Mom just diagnosed ALS, need hope

em9988

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Hi everyone here is a little backstory and although I might just be digging for a glimmer of hope since we just got the diagnosis, please be honest and give it to me real as I cannot imagine my life without my mother, we are very close and I would like for her to at least hold her grand children.

My mom whos 62 y/o and previously mostly healthy about a year ago started losing control of her foot (drop foot) this kinda persisted and nobody thought too much of it as the initial diagnosis was that during covid she lost a lot of weight due to stress and having to wear a crap ton of PPE at work so it's possible that her peroneal nerve near her knee was pinched.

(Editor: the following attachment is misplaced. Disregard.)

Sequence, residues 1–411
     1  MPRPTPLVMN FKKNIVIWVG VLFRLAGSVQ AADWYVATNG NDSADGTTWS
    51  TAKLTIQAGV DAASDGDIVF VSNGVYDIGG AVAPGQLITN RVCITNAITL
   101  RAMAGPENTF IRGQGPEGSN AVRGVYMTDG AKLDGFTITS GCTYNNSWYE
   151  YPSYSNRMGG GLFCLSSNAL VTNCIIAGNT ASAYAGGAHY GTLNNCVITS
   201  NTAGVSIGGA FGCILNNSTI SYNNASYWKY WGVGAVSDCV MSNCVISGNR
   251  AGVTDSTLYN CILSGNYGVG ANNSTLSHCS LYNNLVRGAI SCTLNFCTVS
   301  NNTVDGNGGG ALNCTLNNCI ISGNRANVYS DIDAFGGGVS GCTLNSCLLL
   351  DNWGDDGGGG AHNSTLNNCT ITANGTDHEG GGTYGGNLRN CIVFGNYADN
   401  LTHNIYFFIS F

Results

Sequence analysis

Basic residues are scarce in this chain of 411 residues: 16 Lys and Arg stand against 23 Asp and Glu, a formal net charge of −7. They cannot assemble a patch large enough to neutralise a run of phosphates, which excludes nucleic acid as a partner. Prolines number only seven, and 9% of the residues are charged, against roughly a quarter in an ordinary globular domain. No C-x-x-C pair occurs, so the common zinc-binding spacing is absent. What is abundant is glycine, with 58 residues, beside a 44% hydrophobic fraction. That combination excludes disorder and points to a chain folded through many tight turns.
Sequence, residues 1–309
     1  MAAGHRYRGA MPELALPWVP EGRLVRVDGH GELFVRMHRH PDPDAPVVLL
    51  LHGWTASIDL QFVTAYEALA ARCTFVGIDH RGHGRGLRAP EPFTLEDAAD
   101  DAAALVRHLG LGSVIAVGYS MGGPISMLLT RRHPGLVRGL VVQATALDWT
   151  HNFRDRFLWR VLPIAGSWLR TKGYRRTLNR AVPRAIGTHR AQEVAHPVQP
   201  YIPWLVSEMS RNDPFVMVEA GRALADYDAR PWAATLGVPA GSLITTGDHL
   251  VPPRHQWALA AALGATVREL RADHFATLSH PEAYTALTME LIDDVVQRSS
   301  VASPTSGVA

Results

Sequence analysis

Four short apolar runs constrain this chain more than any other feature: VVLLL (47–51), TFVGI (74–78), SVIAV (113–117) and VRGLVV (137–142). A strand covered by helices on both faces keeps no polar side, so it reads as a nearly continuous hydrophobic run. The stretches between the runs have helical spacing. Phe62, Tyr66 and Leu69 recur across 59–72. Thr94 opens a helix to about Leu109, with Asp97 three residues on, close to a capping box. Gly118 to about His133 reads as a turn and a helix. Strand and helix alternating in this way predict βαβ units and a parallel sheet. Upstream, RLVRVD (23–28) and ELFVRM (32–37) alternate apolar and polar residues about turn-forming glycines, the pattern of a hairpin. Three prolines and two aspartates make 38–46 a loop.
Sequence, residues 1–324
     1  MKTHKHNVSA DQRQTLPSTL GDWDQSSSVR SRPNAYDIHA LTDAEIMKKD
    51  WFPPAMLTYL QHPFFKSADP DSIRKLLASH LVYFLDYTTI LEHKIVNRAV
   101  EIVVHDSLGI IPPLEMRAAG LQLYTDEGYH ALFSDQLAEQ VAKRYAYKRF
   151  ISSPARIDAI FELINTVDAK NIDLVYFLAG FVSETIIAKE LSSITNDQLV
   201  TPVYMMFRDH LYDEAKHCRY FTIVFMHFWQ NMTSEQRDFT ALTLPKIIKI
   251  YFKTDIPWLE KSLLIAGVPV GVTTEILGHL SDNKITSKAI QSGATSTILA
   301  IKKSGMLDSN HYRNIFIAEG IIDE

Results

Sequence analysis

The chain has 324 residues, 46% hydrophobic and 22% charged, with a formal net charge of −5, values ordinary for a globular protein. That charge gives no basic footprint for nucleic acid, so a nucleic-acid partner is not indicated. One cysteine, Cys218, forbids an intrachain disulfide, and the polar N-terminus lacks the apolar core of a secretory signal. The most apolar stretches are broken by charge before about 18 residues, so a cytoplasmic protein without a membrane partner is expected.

We just kind of assumed it was this for about half a year, going to acupuncture/Physical therapy and seeing a neurologist who agreed with the original diagnosis.

We recently, however, decided to get a second opinion from a neurologist in Mount Sinai NYC who supposed to be a ALS specialist saw her for about an hour did the EMG needle test and diagnosed her with ALS. My world turned upside down and for the whole day I almost couldn't accept it. I asked the doctor if ALS usually progresses this fast as less than a year ago she just had slight ankle numbness and now she has the foot drop and he said her case would be considered slow as it's been almost a year.

My mom actually doesn't really feel this anywhere else on her body except her right leg below the knee, her other leg is slightly affected these days because she's leaning on it a lot, could be the ALS but I'm not sure.